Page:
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December 27th, 2009:

Weekend link dump for December 27

Merry day after Boxing Day!

Who owns the interview? Both of you, I guess.

You may now call him Sir Patrick.

The best and worst Christmas specials of all time.

Phone hacking.

The least essential albums of 2009. For once, I’m glad I don’t have anything on one of these lists.

Yet another reason to root against the Sooners: They’re a bunch of wimps.

I remember a hymn we sang in church when I was a kid. The refrain went “And they will know we are Christians by our love, by our love”. I can only presume this guy never learned that particular song. Unless it was all a hoax, of course.

The most and least valuable Democrats.

The ethics of Santa Claus.

Hooray for The Yule Log!

Some people never get tired about discussing the politics of Star Trek. Me, I just enjoyed the shows.

Time for the airing of the (sports) grievances.

What public service is all about.

Our Sarah Palin problem.

It’s always reassuring to know that you can count on David Broder to be a babbling, clueless fool.

Colbert speaks.

Some silly Christmas jokes.

Ninety years ago this week, the course of baseball history was changed.

State to audit food stamp delivery process

Better late than never.

Health and Human Services Commissioner Tom Suehs has asked [state auditor John] Keel to audit the food stamp program to improve accuracy and efficiency.

“We must fix our system so that it works for everyone. I’m asking the state auditor to help us identify both immediate and long-term solutions to make sure all Texans are able to get their cases processed on time,” Suehs said.

Keel assigned a team to start the review as soon as he got Suehs’ letter on Tuesday.

“It’s an audit that needs to be initiated immediately,” Keel said Wednesday. “We’re going to study the process and look for efficiencies. We do want to look at other states.”

Employee recommendations also will be considered, said Keel, who would not speculate on how long the audit would take.

I’m sure it will take months, because there’s got to be a ton to find that needs fixing. I feel certain that there’s only so much that can be improved without legislative action, perhaps spurred by a lawsuit verdict, an infusion of money, or a trip through the time machine to prevent the disastrous privatization scheme that has decimated HHSC from ever occurring, but this is not a stone that should be left unturned, so kudos to Suehs for taking the step.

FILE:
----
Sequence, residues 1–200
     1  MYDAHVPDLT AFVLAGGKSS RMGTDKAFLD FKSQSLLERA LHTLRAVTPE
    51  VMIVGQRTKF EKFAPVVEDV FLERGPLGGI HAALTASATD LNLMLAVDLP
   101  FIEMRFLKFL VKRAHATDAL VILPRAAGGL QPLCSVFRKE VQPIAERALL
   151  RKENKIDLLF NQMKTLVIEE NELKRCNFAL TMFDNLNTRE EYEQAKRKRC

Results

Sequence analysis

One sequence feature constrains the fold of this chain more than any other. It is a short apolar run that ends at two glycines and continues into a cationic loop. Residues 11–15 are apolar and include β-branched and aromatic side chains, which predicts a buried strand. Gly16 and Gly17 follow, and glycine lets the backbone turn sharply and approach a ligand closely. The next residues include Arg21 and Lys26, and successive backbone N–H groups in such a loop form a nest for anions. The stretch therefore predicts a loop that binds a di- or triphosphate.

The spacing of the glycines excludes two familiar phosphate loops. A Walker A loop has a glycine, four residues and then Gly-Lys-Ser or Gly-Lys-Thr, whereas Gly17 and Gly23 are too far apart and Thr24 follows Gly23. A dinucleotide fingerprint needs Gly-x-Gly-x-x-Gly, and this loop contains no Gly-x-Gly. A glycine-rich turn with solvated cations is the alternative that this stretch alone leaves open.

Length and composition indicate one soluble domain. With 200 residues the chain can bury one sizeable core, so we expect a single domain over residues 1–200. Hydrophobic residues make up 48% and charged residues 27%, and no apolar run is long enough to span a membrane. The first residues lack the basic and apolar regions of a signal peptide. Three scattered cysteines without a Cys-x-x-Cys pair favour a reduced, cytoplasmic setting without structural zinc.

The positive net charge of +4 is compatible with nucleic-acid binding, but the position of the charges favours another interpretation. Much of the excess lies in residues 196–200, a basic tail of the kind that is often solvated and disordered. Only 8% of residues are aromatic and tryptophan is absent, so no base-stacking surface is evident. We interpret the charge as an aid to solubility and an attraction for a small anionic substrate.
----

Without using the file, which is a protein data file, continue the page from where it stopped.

You have a funny definition of “fiscal conservative”, Senator

“When I use a word,” Humpty Dumpty said in rather a scornful tone, “it means just what I choose it to mean — neither more nor less.”

Our junior Senator calls himself something that doesn’t describe him accurately at all.

“I am a fiscal conservative, so I approach all of this from that perspective,” Cornyn told the Houston Chronicle in an interview. “Obviously at the same time where it’s appropriate to help entities like NASA in the state of Texas, I’m going to try to make sure that they are fairly and adequately funded.”

Cornyn, who has helped orchestrate Republicans’ anti-spending chorus as chairman of the Senate GOP’s campaign arm, says he’s merely echoing “the anger and aversion that most of my constituents have about out-of-control spending up here” in Washington.

This is the same John Cornyn who happily voted for the Iraq war, all of President Bush’s tax cuts, and Medicare Part D, which was called by the head of the GAO “probably the most fiscally irresponsible piece of legislation since the 1960s… because we promise way more than we can afford to keep”. This John Cornyn, who by his voting record bears responsibility for trillions of dollars of national debt, has the nerve to call himself a “fiscal conservative”. And thanks to newspaper headlines that talk about his “fight” to “cut debt”, something he never cared about while a Republican was in the White House, he gets away with it. Pretty nice racket he’s got going for himself, that’s all I can say.

The debate over Burka

I generally find debates between candidates who are already well known to be tedious, often mechanical affairs. So I’m glad for an event that provides a little interest outside of the usual aspects, which is apparently the case for an upcoming Perry versus Hutchison debate.

Paul Burka, the dean of Texas political writers, won’t be asking questions when the Republican gubernatorial candidates debate next month. He’s been banned.

“I didn’t like the idea of it,” says Terry Sullivan, campaign manager for candidate Kay Bailey Hutchison. “He’s got his mind made up on the race.”

Texas Monthly, where Burka works as executive editor, writer, and a popular blogger, was a sponsor of the debate. When the chief sponsor — KERA-TV in Dallas — told the magazine they were welcome to send any panelist except for Burka, the magazine not only declined to substitute someone but also pulled its name off the January 14 event. Other sponsors — KERA, the Fort Worth Star-Telegram, KTVT-TV in Dallas, Univision, and the Texas Association of Broadcasters — remain.

“We were dismayed at what they decided to do, and surprised, given Paul Burka’s involvement in past debates,” says Jake Silverstein, the magazine’s editor. “We stand behind everything he does, and we consider his voice our voice on Texas politics.”

Silverstein tells his side of it here, while Burka himself weighs in here. I think KBH’s campaign overreacted and is being petulant. As commenter Stevie F said on Silverstein’s post, how could Burka write about this race and not say anything about what a hash KBH has made of it? This is bush league. Now I hope one of the moderators brings this up and asks KBH to counter Burka’s criticisms about her campaign. She’s made it an issue, let her defend it. Come and Take It has more.